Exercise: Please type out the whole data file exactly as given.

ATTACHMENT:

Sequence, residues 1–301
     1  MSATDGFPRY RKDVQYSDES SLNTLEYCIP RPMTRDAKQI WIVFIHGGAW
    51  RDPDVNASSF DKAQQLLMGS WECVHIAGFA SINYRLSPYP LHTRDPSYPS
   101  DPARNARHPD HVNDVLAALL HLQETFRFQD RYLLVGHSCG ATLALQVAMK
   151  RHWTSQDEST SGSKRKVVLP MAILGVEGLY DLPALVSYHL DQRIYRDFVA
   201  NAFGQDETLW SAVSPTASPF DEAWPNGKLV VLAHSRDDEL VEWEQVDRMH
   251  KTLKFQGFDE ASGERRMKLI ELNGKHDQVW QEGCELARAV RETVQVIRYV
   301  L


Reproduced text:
Sequence, residues 1–301
     1  MSATDGFPRY RKDVQYSDES SLNTLEYCIP RPMTRDAKQI WIVFIHGGAW
    51  RDPDVNASSF DKAQQLLMGS WECVHIAGFA SINYRLSPYP LHTRDPSYPS
   101  DPARNARHPD HVNDVLAALL HLQETFRFQD RYLLVGHSCG ATLALQVAMK
   151  RHWTSQDEST SGSKRKVVLP MAILGVEGLY DLPALVSYHL DQRIYRDFVA
   201  NAFGQDETLW SAVSPTASPF DEAWPNGKLV VLAHSRDDEL VEWEQVDRMH
   251  KTLKFQGFDE ASGERRMKLI ELNGKHDQVW QEGCELARAV RETVQVIRYV
   301  L